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Salty Sam’s Fun Blog for Children

Number 96

Street Trees

 

 Hello Everyone

 

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The Rocky Bay District Council is very keen on planting trees in public spaces.  

 

And we are now in the perfect season for planting trees.

 

Trees don’t just look beautiful, they are wonderful for the environment as well; because in a way they ‘eat pollution’ and change the harmful gases into oxygen. We need oxygen to breathe.

 

Tree-lined streets look more attractive than those without trees. ln fact, houses in streets with trees are very often more expensive to buy than those in streets without trees.

 

Trees are good for people’s health both physically and mentally because they reduce pollution and give people a ‘feel good factor’! That is why people in hospitals with gardens get better more quickly.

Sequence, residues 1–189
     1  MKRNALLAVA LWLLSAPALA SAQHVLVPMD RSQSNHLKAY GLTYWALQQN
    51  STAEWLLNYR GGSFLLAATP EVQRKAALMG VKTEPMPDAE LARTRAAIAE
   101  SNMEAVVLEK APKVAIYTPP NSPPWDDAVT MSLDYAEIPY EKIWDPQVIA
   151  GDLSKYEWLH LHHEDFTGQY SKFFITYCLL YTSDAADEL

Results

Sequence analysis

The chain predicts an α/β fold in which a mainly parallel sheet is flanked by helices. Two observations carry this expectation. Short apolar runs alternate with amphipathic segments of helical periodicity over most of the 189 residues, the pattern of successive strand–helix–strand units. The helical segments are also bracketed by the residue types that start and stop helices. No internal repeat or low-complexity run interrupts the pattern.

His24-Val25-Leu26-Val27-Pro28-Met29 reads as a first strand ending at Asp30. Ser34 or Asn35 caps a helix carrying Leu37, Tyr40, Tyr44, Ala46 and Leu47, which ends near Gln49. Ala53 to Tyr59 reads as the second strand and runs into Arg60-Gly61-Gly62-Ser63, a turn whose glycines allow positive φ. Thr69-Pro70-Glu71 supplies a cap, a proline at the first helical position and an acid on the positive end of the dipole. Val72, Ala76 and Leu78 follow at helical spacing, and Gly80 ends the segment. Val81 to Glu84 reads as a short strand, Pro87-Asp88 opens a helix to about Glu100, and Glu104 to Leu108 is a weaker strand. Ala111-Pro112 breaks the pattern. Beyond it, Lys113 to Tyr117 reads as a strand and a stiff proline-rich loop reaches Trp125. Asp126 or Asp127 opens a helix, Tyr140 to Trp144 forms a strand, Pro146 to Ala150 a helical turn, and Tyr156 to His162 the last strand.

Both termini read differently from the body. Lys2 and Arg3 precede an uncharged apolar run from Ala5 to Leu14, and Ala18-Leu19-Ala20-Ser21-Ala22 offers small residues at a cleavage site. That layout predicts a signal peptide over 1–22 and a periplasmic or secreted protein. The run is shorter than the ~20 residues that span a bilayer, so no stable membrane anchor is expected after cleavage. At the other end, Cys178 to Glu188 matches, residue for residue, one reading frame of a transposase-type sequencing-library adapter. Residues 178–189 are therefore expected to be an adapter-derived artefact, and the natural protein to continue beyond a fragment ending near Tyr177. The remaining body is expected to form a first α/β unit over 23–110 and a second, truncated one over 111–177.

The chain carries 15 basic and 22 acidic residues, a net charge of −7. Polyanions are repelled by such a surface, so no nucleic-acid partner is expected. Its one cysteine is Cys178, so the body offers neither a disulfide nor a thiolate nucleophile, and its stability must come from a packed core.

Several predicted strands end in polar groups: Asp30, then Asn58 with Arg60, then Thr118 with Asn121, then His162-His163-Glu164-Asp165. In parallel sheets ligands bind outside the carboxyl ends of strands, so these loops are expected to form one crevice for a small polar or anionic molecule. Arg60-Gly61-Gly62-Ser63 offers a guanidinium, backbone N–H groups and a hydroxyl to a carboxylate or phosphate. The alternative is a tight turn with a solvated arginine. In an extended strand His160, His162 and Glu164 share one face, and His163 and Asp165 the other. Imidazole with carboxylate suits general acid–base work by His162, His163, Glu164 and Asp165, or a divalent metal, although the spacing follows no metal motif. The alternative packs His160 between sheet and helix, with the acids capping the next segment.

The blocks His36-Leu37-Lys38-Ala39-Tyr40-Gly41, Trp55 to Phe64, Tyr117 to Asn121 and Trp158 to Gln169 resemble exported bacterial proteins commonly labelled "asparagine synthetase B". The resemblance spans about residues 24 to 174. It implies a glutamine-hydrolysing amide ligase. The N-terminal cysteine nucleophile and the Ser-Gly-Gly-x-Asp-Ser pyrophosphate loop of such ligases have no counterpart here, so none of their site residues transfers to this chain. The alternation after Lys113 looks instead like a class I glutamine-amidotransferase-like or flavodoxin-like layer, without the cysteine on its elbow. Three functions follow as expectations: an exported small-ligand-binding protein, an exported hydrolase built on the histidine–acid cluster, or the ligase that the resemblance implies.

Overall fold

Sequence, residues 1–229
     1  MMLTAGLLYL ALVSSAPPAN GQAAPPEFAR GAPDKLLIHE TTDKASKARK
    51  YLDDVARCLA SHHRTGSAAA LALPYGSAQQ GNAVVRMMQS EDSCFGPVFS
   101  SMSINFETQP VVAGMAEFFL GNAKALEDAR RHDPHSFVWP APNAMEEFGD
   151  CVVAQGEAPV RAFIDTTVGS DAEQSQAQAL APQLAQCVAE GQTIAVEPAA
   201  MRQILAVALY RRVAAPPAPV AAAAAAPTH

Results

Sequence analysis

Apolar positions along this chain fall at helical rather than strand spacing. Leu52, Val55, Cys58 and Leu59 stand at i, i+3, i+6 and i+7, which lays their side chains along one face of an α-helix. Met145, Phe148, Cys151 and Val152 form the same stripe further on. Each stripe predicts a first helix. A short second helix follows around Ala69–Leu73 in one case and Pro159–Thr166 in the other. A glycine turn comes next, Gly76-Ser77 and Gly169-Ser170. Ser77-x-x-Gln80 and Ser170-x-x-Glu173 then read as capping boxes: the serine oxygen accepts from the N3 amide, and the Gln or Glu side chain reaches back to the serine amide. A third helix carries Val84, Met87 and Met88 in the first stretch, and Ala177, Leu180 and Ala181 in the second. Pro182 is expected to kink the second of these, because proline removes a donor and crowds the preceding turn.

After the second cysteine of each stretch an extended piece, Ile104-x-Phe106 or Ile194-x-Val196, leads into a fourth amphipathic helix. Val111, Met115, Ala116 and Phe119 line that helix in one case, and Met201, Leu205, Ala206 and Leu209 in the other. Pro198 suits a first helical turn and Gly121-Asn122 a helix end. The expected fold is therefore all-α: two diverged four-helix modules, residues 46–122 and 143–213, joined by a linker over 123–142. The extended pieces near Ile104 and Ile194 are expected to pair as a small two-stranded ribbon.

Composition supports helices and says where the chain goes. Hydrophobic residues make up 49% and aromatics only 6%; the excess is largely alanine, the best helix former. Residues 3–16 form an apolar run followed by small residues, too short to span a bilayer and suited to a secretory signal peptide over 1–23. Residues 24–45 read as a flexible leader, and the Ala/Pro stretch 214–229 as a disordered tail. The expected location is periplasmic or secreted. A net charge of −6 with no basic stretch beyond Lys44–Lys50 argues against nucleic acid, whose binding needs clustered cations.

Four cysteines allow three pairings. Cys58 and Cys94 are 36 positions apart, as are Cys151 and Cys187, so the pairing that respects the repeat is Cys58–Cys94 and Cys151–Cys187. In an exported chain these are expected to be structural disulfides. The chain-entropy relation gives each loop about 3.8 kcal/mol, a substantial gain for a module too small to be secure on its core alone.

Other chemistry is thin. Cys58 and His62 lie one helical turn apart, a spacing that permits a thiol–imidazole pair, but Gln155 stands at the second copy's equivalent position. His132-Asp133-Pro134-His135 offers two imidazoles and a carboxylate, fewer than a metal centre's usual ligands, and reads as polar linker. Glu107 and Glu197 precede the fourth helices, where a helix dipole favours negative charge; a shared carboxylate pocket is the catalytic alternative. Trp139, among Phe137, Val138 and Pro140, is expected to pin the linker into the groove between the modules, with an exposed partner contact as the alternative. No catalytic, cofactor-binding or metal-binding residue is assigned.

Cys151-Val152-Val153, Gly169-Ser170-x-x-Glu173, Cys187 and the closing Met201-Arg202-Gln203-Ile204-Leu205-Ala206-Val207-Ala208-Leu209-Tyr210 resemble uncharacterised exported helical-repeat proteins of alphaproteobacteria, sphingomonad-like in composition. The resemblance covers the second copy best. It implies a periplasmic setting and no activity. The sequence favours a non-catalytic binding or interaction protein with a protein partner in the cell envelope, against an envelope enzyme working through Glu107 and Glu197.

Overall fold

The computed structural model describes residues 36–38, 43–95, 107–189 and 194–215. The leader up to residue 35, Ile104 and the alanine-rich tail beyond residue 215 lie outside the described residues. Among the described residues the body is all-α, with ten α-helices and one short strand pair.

Also, apparently, people visit parks more when they have trees in them.

 

Planting trees in inner city areas has even been found to reduce crime! People feel better about the place they live and luckier to be there.

 

Trees seem to have a calming effect on people.

 

Shelter from trees can reduce energy bills in nearby buildings by up to 10% because they give shade from the hot sun and protection from cold winds. They also collect rainwater in their leaves, branches and roots and so can help to reduce the risk of flash flooding.